October 22, 2016 TOLS

Do what thou wilt shall be the whole of the Law.
The following is an extract of the Temple’s public talk this October.
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This topic is a touchy one in occultism. First off, by the time you actually report for ‘basic training,’ so to speak, you’ve already discovered you’re an oddball.
You might have been fortunate enough to grow up in a supportive environment for oddballs, but that’s rare. Finding you have a propensity for seeing or hearing odd things, or that you have ‘unusual’ thoughts about the world, makes it hard enough to get through a conventional upbringing. Adolescence can be just as bad, while once adulthood hits, you’re expected to ‘mature beyond’ this phase. Or at least get some serious therapy and maybe some effective meds.
If you get into magick in a serious way, then you’re after transcendence. Not visions of unicorns or rainbow-mind stuff. Not just ‘connecting to the Light,’ at least in any conventional sense. Not attaining contented equanimity, like the lovely, slender-bodied people people you see promoting products in health-food store posters, chakras all equilibrated and skin flawless. Nope. You’re after some serious crazy. You might have started thinking you would fix the crazy, like your mother wanted you to do. In reality, you’re trying to un-fix stuff and go crazier.
The author Alan Moore famously observed that “science, historically, has always sought to prove that occultists are fraudulent or else deluded,” while “religion, historically, has always sought to prove that occultists are flammable.” We are happily long past the flammability proving stage, at least in western countries. But magick and Hermeticism still hang out in an odd corner as far as most people are concerned.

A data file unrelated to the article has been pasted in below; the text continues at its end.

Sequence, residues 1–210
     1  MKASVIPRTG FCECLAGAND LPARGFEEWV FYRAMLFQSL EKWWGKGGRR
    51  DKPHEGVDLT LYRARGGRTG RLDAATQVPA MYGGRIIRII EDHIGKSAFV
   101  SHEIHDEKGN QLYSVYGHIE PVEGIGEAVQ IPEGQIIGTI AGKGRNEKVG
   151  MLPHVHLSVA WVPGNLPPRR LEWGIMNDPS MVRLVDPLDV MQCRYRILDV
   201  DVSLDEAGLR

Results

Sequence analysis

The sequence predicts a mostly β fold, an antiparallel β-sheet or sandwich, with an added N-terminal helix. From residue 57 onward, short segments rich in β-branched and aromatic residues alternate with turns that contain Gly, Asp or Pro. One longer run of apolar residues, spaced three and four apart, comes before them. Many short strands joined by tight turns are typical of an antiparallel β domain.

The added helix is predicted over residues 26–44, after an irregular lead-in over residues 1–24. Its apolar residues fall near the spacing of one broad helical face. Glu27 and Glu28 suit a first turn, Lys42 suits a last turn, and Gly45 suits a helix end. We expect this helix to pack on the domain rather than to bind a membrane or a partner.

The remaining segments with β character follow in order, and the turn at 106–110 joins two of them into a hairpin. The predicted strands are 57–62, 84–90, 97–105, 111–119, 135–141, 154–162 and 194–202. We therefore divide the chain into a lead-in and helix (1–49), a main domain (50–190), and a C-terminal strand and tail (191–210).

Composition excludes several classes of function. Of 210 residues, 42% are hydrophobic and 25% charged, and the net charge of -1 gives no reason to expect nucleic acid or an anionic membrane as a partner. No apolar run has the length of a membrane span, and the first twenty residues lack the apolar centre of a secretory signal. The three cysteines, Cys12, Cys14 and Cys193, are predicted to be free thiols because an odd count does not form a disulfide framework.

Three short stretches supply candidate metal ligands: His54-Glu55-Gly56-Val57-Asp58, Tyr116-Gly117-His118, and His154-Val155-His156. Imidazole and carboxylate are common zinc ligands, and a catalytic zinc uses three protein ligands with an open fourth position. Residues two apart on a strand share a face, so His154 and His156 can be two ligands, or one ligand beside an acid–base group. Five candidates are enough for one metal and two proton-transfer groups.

The deeper you get into your own path, the more you’ll deviate from polite societal norms. The aim of magick is ecstasy and a Self-related code of ethics. How do you aim for that and keep your equilibrium? The fact is, you have to let yourself drift out of the safe zone at times, and trust yourself to an invisible inner compass.
But if you go too far off the main highway, then you lose a common basis for sharing experiences. Mystery schools use an accepted body of doctrines, diagrams and ascending initiatory degrees because this works. It just does. It all produces a workable, exalted atmosphere, and a means of contacting what we call, perhaps embarrassingly, “higher vibrations.” Such serious schools hold to core principles and practices, while making space for experiences that surpass these.
Crowley, in his Confessions, remarks in Chapter 66 (yes, it’s a long book):
“I admit that my visions can never mean to other men as much as they do to me. I do not regret this. All I ask is that my results should convince seekers after truth that there is beyond doubt something worth while seeking, attainable by methods more or like mine. I do not want to father a flock, to be the fetish of fools and fanatics, or the founder of a faith whose followers are content to echo my opinions. I want each man to cut his own way through the jungle.”
But we all need some confirmation of our beliefs and experiences, and we have to work through periods of doubt and anxiety before we have reasonably secure ground under our feet. In particular, in the early stages of Qabalistic progress, it’s extremely helpful to have a community of experienced practitioners around you. They can encourage you over the rough patches, guide you through the smoother ones, and point out details of your growth that your personal limits might lead you to overlook.